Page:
Community rallies around North Yarmouth accident victim

  • Mail this page!
  • Delicious
  • 1

NORTH YARMOUTH — A near-fatal Aug. 13 car crash in New York left Michele Beaulieu in rehabilitation for months, mired in more than $150,000 in hospital bills.

It also led to a wellspring of love and support from her community – a triumph in the wake of a tragedy that has humbled and touched the North Yarmouth woman.

“I just want to thank them, and I want people to know that just these little things, put together, just make a tremendous difference,” Beaulieu said in a recent telephone interview from the upstate New York town where she continues to require rehab.

Beaulieu, 50, was about to start her 11th year as a special education teacher in the Cumberland-North Yarmouth schools this summer, when she was visiting family and friends in Granville, N.Y.

Riding as a passenger into town that afternoon to do some shopping, Beaulieu found herself facing “a car … literally coming at us head-on in our lane,” she said Dec. 8. “… I pulled my (right) arm and my leg up; otherwise my leg would be severed.”

The oncoming vehicle “turned to the left, and they hit me head on,” Beaulieu said.

The driver of the other vehicle escaped injury, but received summonses for failing to keep right, failing to notify the Department of Motor Vehicles of an address change, and driving an uninsured motor vehicle, according to a Granville Sentinel report.

Police blamed rain and poor weather conditions for the accident, the newspaper reported.

Beaulieu and her driver were both hospitalized. Beaulieu was treated for injuries to her ankle, hand and leg.

“I had 12 broken bones, I severed tendons in my hand,” she said. Her tibia and ankle were also shattered; “I had casts on everything,” Beaulieu said, “so I was like a turtle on its back.”

Beaulieu was discharged from the hospital after a week and a gamut of surgeries. She was sent to the Orchard Nursing & Rehabilitation Centre, where she spent the next seven weeks. Her sister is director of nursing there.

“I’m here (in New York) and I’m in a wheelchair still; I’m months away from even going back to my life,” said Beaulieu, an outpatient who now goes to rehab three days a week.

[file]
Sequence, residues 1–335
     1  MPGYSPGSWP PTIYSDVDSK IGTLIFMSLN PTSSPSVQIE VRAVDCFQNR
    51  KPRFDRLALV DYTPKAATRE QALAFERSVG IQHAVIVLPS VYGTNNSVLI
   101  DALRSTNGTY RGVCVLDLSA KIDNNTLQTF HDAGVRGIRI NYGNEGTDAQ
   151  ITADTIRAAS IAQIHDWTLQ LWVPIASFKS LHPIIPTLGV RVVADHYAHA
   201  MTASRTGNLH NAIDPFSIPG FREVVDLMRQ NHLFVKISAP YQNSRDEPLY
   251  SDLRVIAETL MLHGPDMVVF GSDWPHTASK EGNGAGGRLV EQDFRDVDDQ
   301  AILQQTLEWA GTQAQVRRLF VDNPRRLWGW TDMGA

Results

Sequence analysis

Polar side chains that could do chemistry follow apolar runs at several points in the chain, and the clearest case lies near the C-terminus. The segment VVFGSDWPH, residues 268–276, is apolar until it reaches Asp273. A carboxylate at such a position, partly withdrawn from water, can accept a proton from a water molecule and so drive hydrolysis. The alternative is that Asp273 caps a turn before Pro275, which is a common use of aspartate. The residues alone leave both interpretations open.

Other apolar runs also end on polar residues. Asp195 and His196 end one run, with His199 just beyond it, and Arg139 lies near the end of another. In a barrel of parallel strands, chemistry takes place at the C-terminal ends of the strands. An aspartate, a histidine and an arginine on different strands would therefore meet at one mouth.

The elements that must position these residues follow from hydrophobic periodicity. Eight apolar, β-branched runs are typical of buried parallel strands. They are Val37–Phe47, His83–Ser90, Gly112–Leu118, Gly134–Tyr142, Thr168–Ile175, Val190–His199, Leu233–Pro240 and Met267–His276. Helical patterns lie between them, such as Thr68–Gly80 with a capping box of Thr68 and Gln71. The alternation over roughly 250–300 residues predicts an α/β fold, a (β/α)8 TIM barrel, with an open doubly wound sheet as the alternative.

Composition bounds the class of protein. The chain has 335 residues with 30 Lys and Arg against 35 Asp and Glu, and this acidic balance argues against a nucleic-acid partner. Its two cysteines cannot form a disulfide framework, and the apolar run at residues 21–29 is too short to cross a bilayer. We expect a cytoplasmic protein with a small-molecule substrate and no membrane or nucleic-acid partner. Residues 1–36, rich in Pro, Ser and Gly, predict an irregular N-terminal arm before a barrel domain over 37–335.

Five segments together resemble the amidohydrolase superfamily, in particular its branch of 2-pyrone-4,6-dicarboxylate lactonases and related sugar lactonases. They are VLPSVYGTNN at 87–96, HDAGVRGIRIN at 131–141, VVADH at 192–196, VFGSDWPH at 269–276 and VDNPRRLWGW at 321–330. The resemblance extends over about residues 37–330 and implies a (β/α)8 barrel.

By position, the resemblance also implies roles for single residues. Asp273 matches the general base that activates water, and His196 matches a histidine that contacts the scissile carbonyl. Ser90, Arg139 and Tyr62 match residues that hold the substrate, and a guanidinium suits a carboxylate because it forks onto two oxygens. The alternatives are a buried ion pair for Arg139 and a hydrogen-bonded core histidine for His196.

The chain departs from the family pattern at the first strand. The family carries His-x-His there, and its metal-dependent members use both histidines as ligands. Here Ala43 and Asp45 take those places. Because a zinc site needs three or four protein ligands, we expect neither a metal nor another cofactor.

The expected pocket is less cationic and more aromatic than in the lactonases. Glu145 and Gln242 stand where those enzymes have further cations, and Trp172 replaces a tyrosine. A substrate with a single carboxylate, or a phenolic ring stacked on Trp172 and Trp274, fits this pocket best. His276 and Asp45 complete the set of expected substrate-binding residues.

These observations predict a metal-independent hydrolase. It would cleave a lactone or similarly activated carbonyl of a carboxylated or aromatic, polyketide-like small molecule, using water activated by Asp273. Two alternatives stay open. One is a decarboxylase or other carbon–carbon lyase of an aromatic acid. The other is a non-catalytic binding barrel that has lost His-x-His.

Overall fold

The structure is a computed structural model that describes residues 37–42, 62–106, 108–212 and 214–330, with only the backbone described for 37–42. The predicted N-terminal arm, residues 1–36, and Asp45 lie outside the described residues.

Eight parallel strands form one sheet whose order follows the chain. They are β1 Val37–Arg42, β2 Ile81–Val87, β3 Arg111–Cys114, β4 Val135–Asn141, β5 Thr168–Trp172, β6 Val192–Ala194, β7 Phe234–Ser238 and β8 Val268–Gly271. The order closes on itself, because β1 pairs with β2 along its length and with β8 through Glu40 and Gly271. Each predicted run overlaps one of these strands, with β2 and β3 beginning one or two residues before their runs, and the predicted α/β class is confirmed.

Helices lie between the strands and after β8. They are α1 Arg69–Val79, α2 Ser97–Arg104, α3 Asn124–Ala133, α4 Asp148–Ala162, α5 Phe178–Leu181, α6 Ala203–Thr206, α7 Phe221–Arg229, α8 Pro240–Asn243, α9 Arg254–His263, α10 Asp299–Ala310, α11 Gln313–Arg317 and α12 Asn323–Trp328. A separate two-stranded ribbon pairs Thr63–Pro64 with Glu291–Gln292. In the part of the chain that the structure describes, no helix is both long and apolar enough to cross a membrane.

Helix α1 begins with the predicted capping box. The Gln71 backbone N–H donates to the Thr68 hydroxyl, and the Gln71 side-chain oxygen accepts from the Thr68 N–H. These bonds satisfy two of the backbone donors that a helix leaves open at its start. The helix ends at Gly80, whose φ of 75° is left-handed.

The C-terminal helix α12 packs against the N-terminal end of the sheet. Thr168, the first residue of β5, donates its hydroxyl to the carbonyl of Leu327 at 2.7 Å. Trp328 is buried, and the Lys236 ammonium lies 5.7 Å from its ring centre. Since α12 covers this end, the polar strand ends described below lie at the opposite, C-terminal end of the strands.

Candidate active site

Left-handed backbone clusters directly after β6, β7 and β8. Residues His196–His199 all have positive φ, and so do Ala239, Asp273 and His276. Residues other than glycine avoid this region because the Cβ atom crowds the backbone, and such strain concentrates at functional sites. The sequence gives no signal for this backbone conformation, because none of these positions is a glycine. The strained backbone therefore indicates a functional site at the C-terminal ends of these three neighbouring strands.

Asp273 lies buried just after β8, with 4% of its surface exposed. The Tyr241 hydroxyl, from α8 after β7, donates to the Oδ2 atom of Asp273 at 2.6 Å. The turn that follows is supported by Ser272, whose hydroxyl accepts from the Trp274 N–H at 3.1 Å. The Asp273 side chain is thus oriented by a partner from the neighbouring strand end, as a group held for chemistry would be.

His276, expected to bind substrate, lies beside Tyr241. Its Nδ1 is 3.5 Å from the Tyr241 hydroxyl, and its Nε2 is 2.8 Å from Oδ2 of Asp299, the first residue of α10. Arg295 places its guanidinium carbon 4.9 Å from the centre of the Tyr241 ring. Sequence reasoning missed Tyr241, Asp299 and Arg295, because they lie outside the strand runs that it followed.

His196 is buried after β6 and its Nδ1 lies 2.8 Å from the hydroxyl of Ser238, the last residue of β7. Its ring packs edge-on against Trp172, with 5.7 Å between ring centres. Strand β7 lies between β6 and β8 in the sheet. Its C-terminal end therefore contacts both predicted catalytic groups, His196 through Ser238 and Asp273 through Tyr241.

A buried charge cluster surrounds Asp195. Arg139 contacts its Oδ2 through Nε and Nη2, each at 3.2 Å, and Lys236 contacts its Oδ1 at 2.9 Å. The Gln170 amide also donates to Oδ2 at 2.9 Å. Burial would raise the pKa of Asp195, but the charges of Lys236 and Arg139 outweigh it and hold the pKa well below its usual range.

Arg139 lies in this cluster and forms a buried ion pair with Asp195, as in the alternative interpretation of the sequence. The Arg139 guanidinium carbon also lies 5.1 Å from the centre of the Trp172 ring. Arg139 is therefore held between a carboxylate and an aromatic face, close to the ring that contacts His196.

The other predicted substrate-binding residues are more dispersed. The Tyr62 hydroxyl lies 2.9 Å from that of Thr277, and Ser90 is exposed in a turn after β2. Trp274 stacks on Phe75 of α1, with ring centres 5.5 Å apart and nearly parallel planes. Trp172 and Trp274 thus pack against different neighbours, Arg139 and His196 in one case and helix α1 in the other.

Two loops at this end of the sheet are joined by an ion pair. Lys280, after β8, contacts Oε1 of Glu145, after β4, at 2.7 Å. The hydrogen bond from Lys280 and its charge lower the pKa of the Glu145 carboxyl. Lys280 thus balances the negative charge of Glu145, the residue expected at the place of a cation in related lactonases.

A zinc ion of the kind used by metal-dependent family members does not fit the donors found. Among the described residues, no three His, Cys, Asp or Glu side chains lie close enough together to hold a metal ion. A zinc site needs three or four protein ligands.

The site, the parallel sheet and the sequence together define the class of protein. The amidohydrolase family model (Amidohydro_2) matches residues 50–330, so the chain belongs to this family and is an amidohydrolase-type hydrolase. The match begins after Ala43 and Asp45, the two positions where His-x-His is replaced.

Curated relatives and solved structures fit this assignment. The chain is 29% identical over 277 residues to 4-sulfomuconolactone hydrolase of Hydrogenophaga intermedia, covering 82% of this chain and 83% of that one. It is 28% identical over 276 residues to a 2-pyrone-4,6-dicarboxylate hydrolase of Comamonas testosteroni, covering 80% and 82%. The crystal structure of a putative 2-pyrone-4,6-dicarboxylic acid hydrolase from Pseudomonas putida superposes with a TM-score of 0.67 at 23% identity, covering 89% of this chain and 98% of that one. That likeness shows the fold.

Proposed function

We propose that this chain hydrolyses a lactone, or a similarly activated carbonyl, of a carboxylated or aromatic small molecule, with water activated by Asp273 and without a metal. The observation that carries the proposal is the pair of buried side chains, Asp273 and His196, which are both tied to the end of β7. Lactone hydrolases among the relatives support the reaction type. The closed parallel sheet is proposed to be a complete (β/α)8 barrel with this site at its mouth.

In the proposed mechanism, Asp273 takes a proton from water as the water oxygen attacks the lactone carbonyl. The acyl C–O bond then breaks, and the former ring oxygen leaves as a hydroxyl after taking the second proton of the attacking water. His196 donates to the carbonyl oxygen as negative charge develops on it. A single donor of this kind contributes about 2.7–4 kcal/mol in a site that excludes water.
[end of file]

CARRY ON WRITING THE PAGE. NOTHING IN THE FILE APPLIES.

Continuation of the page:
She might be able to start walking and driving next spring, when she hopes to return to Maine, where her job in School Administrative District 51 has been held for her. In the meantime, she’s retraining her writing hand.

Beaulieu’s doctors have told her she will never be exactly the same again, but she’s working hard to get back as much as she can.

Physical challenges aside, “emotionally, it’s been pretty traumatic,” Beaulieu said.

Although she is hundreds of miles from her community, friends back home have managed – through get-well cards, gifts, and a fundraiser held at Rachel’s on the Green, a restaurant at the Val Halla Golf & Recreation Center in Cumberland – to bridge that gap, and help give Beaulieu the strength to push forward through the long healing process.

Beaulieu is a part-time bartender at Rachel’s, which is owned by brothers Bubba and Mike Smith. Their sister, Patty Dunn, runs the waitressing end of the business.

“That community in itself is just an amazing community,” Beaulieu said, noting the  the venue has organized many fundraisers. “They come together in ways that you just wouldn’t believe.”

The Smith family has “embraced every single person there,” Beaulieu added.

“We’re all pretty much family there,” Dunn affirmed in a separate interview Dec. 8.

She organized the September fundraiser, which drew between 250 and 300 people, offered about 85 silent auction items, and raised nearly $13,000 for Beaulieu.

Although not able to attend the event, Beaulieu was there in spirit through a video connection.

“She is just amazing,” Beaulieu said of Dunn. “Not just to me, but to many, many people.”

It’s the fifth or sixth fundraiser Dunn has arranged for someone in need.

“I lost a kid to brain cancer years ago, and it kind of defines who you are in life,” Dunn said. “Doing all the right things for other people when they need it.”

She called Beaulieu “a good soul. She works with special needs kids, and she brings them into our restaurant. … I watch how gentle she is.”

Beaulieu said she plans to pay the kindness forward.

“The money part was wonderful, but it was more all the support and cards,” Beaulieu said. “When my hands are working, I plan to write every single person (a thank you note). … If everybody did this, so many things would be easier for people.”

Alex Lear can be reached at 781-3661 ext. 113 or alear@theforecaster.net. Follow him on Twitter: @learics.

Michele Beaulieu of North Yarmouth is undergoing lengthy rehab in New York following a car crash in August.

Michele Beaulieu of North Yarmouth nearly lost her life in a head-on crash in Granville, N.Y.

Michele Beaulieu’s recovery has been bolstered by cards and gifts, such as this piece, from her friends and special education students back home.

Patty Dunn and her brothers, Mike, left, and Bubba Smith, organized a fundraiser at Rachel’s on the Green in Cumberland for Michele Beaulieu.

1
A Maine native and Colby College graduate, Alex has been covering coastal communities since 2001, and currently handles Bath, Topsham, Cumberland, and North Yarmouth. He and his wife, Lauren, live in the Portland area, and Alex recently released his third album of original music.